Luxurious modern Japanese restaurant Sake No Hana in St. James’s quietly but permanently closed on 5 October, 2021, Eater London has learned.
A Facebook post on that day said: “We are sad to announce that Sake no Hana will close its doors permanently,” adding that it had “really enjoyed being a part of London’s exciting and innovative restaurant scene for the past 10 years.” The team from the restaurant were given opportunities to work in the company’s four London sister restaurants — Hakkasan in Mayfair and Hanway Place and Yauatcha in Soho and the City.
A spokesperson for the restaurant confirmed its closure, sharing a statement on behalf of its owners. “Having opened in St James’s in 2008, Sake no Hana was best known for bringing together Hakkasan’s efficient and intuitive service style with a carefully selected menu, to deliver a Japanese restaurant experience of the highest quality,” it said.
Although it first opened in early 2008, Sake No Hana was sold to the now-global Hakkasan group in 2011 by restaurateur Jamie Barber (he behind Hush, Hache, Cabana Brasil), and the Evening Standard media group owner Evgeny Lebedev. At the time, visionary restaurateur Alan Yau — creator of Wagamama, Hakkasan itself, and Yauatcha — was in creative control of the restaurant and its relaunch was significant. Under Yau, sushi chef Noboru Ishii, and head chef Maskazu Kikuchihara, the restaurant reopened as one of the hottest in town. Testament to its buzz and renown was its opening party, a who’s who of early 2010s celebrities and scenesters.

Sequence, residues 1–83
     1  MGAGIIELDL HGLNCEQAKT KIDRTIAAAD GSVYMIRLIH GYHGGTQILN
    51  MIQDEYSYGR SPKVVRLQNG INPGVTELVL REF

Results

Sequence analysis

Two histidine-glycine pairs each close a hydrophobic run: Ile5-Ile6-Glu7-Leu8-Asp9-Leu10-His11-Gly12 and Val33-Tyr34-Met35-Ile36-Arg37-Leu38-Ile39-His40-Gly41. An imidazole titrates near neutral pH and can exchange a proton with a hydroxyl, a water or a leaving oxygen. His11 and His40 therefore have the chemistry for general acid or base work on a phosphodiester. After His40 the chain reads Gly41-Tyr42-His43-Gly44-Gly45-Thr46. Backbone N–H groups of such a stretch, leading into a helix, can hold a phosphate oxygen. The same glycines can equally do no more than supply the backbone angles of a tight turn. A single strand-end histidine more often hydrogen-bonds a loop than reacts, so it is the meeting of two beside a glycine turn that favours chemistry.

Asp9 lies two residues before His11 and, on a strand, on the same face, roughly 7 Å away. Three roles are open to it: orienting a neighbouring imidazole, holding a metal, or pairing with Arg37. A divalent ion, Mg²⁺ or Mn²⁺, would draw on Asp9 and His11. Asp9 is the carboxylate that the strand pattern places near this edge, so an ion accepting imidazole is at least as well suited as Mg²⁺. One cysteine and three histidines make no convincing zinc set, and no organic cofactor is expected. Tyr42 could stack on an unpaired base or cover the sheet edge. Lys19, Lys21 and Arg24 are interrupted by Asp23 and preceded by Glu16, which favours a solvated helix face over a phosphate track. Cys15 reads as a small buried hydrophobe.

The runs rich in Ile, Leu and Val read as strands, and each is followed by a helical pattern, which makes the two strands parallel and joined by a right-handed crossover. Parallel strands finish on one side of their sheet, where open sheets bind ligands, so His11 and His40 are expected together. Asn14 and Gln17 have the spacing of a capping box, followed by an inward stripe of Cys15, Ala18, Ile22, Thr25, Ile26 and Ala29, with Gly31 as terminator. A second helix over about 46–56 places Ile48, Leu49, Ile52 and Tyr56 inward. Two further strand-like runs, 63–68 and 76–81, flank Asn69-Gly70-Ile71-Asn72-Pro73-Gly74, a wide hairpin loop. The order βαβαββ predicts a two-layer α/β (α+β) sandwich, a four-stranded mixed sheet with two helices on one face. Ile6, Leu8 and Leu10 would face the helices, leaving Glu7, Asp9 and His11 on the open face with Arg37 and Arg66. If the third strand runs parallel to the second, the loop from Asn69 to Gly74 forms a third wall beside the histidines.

At the time of the sale, Barber told the Caterer: “Sake No Hana was set up with Alan Yau on board as a consultant, so in some way it’s come full circle. It has returned to its spiritual home.”
A very stylish, upmarket space — its interiors were designed by architect Kengo Kuma — Sake No Hana occupied the ground and first floor of a modernist Grade II listed building (itself the work of architects Alison and Peter Smithson in the 1960s) in the very old-school, often quintessentially English St. James’s, where it was among the first of a new class of restaurant offering precise, modern Japanese dining in London.
According to a review of the restaurant in 2008 by the Independent’s Tracey Macleod, it was a confident outfit. “Uniquely for an expensive London restaurant, Sake No Hana doesn’t have a wine list; instead, the sommelier guides you through an exhaustive menu of sakes, many of which cost upward of £100,” Macleod wrote.
Sushi and sashimi was prepared to order at an intimate 13-seat sushi bar; while elsewhere in the restaurant ceramic-plate-heated meat and rice dishes, as well protein from a charcoal grill.
“We would like to take this chance to say thank you to everyone who made Sake no Hana the restaurant it is, from our talented chefs to our team who ran the restaurant front of house and behind the scenes,” the Facebook post from October added. “We would also like to thank everyone who came into the restaurant.”
Eater has contacted representatives of the Hakkasan Group for comment on Sake No Hana’s closure.